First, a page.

It’s like watching a pastry shop mix ground cardboard into their muffins – hey, you get more muffins that way, and what good are the damn things anyway if not to unload them on the idiot customers for cash? So for anyone who came to Chiranjeevi’s work for anything useful (God help ‘em), well, his message to you is to stick it in your ear. “Useful for you” isn’t anything he cares about. What he’s interested in, of course, is “useful for him”, and that’s what the whole enterprise of science comes down to for someone like this: a means to an end. And what mighty end is that? Why, advancement at Sri Venkateswara University, of course. And some pocket money. And a longer CV. Noble stuff, isn’t it?

17 comments on “Fakery And Its Ends”

  1. sroy says:

    As I have said before, a system that rewards public showmanship and punishes scientific rigor/ diligence tends to produce this outcome. Human beings are fairly amoral, and such actions often reflect what their surroundings demand of them.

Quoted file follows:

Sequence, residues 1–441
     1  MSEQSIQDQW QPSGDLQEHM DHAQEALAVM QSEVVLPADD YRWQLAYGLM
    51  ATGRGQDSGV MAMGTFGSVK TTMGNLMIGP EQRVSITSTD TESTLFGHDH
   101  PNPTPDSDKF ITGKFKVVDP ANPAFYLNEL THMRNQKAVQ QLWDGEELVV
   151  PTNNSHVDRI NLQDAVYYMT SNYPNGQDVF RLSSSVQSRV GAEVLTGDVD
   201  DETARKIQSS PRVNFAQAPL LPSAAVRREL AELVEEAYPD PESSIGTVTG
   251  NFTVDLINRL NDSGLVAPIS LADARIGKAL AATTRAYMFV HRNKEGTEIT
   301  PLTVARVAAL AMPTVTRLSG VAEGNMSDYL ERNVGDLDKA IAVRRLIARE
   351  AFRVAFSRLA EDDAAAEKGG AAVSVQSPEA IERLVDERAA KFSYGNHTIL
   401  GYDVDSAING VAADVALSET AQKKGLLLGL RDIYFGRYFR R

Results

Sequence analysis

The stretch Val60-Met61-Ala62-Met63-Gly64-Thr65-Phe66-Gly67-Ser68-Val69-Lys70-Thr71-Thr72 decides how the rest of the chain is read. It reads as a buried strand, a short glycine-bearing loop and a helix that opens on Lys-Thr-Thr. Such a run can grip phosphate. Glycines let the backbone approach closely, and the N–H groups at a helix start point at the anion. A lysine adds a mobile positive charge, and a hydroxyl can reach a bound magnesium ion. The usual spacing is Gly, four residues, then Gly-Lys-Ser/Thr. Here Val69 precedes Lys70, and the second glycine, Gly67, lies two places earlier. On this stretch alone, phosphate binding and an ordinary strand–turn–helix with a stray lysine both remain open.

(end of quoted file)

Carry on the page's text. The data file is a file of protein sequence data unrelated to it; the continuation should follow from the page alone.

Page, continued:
While honesty should be an individual responsibility, if it comes to feeding one self and his/her family, people tend to be dishonest/cynical.
    Worst of all, sometimes such research becomes the dominant meme in the field and almost no one wants to oppose it.
    A few examples. If you have free time, look up the history of how the memes below came into existance- it is quite disturbing to say the least.
    A] Why do most people still think that low fat/ high carb diets reduce weight? The history behind how we came to this particular idea is rather disturbing (personal ideology) and shows you what a well established idealogue can do.
    B] Do healthy foods (vegetables/ fruit) really increase your life span beyond preventing malnutrition? If not, why do we believe it? why do doctors try so hard to generate or select data to support it. Is it any different from pre-20th century physicians believing that TB was caused by insolence and laziness in poor people.